The last notable extension of the Roman boundaries beyond the limits fixed by Augustus took place in the reign of the warrior-prince Trajan. Under his successors the frontiers underwent rectifications here and there, but the further additions to Roman territory were insignificant. The area of the Roman Empire in the middle of the second century may be estimated at about 1,700,000 square miles. Before looking in more detail at the various changes that were made we may consider broader outlines of policy.
KeywordsEastern Province External Affair Iron Gate Roman Emperor Roman Empire
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Notes and References
- 6.On the Arabian frontier see G. Macdonald, Antiquity 1934, 373 ff.Google Scholar
- 16.On the German frontier-defences see B. W. Henderson, Five Roman Emperors (1927), 117 ff.Google Scholar
- For a possible earlier date for the arrival of the Brittones see H. Schonberger, JRS 1969, 167, and, for recent archaeological evidence for the limes at this period, op. cit. 164 ff.Google Scholar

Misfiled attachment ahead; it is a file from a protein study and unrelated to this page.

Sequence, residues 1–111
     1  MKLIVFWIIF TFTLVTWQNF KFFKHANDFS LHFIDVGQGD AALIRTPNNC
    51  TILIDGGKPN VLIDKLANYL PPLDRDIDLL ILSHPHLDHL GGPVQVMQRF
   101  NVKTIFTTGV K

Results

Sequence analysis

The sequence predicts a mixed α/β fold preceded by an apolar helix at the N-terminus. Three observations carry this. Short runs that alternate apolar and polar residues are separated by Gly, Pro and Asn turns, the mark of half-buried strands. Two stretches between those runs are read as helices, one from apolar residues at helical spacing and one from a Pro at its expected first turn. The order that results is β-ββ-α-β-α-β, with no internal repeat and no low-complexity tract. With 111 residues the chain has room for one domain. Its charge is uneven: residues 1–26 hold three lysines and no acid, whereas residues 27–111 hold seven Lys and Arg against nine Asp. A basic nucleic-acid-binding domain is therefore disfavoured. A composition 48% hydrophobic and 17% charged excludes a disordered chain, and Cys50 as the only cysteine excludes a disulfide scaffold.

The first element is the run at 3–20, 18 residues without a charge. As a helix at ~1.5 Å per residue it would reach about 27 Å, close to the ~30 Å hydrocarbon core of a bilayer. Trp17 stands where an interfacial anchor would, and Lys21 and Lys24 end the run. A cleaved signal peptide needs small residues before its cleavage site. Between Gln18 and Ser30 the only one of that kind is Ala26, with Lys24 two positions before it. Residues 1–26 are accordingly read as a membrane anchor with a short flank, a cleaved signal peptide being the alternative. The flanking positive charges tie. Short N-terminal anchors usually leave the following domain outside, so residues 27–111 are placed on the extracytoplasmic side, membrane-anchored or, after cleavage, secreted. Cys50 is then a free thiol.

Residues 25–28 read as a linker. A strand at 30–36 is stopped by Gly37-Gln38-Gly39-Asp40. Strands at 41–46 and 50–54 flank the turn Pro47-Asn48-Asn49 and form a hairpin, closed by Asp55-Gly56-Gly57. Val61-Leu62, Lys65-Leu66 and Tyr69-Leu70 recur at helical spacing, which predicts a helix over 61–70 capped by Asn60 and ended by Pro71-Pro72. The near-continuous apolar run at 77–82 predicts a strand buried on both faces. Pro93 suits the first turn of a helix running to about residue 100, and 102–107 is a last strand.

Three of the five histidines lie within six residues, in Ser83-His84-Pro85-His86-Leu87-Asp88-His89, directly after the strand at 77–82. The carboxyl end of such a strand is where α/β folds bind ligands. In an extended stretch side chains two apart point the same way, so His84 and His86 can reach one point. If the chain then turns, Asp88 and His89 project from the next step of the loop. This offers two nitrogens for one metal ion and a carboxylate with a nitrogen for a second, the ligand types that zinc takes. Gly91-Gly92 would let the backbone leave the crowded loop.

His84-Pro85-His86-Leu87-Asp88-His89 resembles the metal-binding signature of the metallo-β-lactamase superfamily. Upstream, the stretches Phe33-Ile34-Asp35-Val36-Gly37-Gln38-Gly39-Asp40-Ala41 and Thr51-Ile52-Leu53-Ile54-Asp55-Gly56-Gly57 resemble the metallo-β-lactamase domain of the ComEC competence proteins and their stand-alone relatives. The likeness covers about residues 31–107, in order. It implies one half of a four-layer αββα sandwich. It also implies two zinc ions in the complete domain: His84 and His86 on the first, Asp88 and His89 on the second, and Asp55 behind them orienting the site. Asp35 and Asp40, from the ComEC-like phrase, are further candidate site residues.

- 19.On the Antonine Wall see Sir George Macdonald, The Roman Wall in Scotland2 (1934);Google Scholar
- A. S. Robertson, The Antonine Wall (1960); Frere, op. cit., ch. 8. Ordnance Survey map (1969).Google Scholar
- On the civilian population of the area of the two Walls see P. Salway, The Frontier People of Roman Britain (1965).Google Scholar
- On the fluctuations of Roman control of Scotland in the Antonine and Severan periods see B. R. Hartley, Britannia 1972, 1 ff.Google Scholar
- 21.See J. W. Eadie, JRS 1967, 161 ff.Google Scholar